- MFA. Although this method is more effective than passwords, we recommend that you avoid relying on SMS text message-based MFA. For more information, see Enable per-user Azure Active Directory MFA to secure sign-in events.
- Managed Identities. See Use identity-based authentication.
Those methods apply to all users, but should be applied first and strongest to accounts with administrative privileges.
An implementation of this strategy is enabling single sign-on (SSO) to devices, apps, and services. By signing in once using a single user account, you can grant access to all the applications and resources per business needs. Users don't have to manage multiple sets of usernames and passwords. You can provision or de-provision application access automatically. For more information, see Single sign-on.
- Develop a passwordless strategy that requires MFA for all users without significantly impacting operations.
- Ensure policy and processes require restricting, and monitoring direct internet connectivity by virtual machines.
Use modern password protection
Require modern protections through methods that reduce the use of passwords. Modern authentication protocols support strong controls such as MFA and should be used instead of legacy authentication methods. Use of legacy methods increases risk of credential exposure.
Modern authentication is a method of identity management that offers more secure user authentication and authorization. It's available for Office 365 hybrid deployments of Skype for Business server on-premises and Exchange server on-premises, and split-domain Skype for Business hybrids.
Modern authentication is an umbrella term for a combination of authentication and authorization methods between a client (for example, your laptop or your phone) and a server, as well as some security measures that rely on access policies that you may already be familiar with. It includes:
- Authentication methods: MFA; smart card authentication; client certificate-based authentication
- Authorization methods: Microsoft's implementation of Open Authorization (OAuth)
- Conditional access policies: Mobile Application Management (MAM) and Azure Active Directory (Azure AD) Conditional Access
Review workloads that do not leverage modern authentication protocols and convert where possible. In addition, standardize using modern authentication protocols for all future workloads.
For Azure, enable protections in Azure AD:
Configure Azure AD Connect to synchronize password hashes. For information, see Implement password hash synchronization with Azure AD Connect sync.
Choose whether to automatically or manually remediate issues found in a report. For more information, see Monitor identity risks.
For more information about supporting modern passwords in Azure AD, see the following articles:
- What is Identity Protection?
- Enforce on-premises Azure AD Password Protection for Active Directory Domain Services
- Users at risk security report
- Risky sign-ins security report
For more information about supporting modern passwords in Office 365, see the following article:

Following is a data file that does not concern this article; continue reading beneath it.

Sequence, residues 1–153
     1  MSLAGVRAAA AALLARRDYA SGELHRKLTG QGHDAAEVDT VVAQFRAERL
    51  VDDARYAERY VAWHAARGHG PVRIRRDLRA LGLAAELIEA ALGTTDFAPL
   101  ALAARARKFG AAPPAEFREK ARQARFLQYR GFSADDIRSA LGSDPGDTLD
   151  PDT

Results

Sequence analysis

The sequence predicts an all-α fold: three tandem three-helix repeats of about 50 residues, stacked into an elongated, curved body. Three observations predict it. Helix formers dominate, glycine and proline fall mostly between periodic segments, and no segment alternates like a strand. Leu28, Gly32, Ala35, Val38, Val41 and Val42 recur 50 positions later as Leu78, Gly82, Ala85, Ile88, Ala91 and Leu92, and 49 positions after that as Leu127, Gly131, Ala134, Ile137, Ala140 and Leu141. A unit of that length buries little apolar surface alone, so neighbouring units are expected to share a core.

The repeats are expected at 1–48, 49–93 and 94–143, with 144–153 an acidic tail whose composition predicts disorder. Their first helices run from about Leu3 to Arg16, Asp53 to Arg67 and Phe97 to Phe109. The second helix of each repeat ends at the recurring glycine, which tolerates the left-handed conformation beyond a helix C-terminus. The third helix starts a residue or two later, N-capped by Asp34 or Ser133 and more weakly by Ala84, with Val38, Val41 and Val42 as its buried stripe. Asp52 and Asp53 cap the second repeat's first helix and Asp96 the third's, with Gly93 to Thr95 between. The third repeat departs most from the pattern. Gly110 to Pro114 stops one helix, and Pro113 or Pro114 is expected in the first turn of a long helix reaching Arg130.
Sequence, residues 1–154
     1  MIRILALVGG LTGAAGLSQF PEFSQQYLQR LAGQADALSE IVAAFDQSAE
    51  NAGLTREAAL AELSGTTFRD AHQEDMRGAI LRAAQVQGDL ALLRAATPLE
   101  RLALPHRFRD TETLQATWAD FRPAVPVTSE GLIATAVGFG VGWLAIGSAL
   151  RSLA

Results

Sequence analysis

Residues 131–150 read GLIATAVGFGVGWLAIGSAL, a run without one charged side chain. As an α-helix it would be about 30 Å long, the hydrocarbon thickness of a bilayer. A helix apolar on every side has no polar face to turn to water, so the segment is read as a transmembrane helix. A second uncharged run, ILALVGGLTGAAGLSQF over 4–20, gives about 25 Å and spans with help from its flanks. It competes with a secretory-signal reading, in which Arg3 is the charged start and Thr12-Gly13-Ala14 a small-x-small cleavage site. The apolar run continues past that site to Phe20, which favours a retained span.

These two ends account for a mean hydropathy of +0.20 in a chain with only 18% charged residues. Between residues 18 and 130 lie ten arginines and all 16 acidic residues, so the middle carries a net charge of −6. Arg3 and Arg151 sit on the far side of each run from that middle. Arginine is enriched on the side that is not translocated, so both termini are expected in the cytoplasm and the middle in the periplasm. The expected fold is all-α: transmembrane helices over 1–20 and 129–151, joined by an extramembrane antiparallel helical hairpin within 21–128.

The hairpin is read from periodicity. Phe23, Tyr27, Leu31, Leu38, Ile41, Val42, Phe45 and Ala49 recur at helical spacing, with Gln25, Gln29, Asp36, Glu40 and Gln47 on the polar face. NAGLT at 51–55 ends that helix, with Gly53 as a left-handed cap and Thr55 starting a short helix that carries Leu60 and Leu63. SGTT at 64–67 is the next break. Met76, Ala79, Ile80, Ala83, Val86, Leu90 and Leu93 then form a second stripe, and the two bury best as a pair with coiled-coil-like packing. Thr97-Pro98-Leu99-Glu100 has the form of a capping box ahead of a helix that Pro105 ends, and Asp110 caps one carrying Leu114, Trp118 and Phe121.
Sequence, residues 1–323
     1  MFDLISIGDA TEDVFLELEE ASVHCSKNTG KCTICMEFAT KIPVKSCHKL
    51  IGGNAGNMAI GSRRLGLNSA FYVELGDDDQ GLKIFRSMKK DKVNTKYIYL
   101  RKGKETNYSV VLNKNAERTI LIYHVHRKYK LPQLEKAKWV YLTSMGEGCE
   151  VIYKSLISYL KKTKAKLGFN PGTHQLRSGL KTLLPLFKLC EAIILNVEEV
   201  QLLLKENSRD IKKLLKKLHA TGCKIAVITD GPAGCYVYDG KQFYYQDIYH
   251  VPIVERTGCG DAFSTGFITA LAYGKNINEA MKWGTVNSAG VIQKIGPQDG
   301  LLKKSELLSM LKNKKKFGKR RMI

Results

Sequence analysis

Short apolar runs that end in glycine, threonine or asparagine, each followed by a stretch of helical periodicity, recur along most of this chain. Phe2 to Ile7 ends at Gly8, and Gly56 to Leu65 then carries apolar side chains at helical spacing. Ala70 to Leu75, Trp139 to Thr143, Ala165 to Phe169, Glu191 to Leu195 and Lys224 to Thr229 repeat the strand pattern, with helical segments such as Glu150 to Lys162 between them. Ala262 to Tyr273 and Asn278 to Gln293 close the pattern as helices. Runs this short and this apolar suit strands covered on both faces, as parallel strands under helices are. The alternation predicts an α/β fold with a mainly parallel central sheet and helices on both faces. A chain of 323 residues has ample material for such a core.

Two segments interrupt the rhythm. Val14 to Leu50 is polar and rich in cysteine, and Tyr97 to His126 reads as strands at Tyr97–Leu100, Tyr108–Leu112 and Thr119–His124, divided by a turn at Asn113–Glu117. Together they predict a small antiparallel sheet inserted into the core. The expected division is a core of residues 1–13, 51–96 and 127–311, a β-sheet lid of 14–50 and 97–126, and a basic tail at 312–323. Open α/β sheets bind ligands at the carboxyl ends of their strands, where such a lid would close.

What is modern authentication?
Enable conditional access
Modern cloud-based applications are typically accessible over the internet, making network location-based access inflexible and single-factor passwords a liability. Conditional access describes your authentication policy for an access decision. For example, if a user is connecting from an InTune-managed corporate PC, they might not be challenged for MFA every time, but if the user suddenly connects from a different device in a different geography, MFA is required.
Grant access requests based on the requestors' trust level and the target resources' sensitivity.
Are there any conditional access requirements for the application?
Workloads can be exposed over public internet and location-based network controls are not applicable. To enable conditional access, understand what restrictions are required for the use case. For example, MFA is a necessity for remote access; IP-based filtering can be used to enable adhoc debugging (VPNs are preferred).
Configure Azure AD Conditional Access by setting up Access policy for Azure management based on your operational needs. For information, see Manage access to Azure management with Conditional Access.
Conditional access can be an effective way to phase out legacy authentication and associated protocols. The policies must be enforced for all admins and other critical impact accounts. Start by using metrics and logs to determine users who still authenticate with old clients. Next, disable any down-level protocols that aren't used, and set up conditional access for all users who aren't using legacy protocols. Finally, give notice and guidance to users about upgrading before blocking legacy authentication completely. For more information, see Azure AD Conditional Access support for blocking legacy auth.
Implement conditional access policies for this workload.
Learn more about Azure AD Conditional Access.
Grant or deny access to a system by verifying the accessor's identity.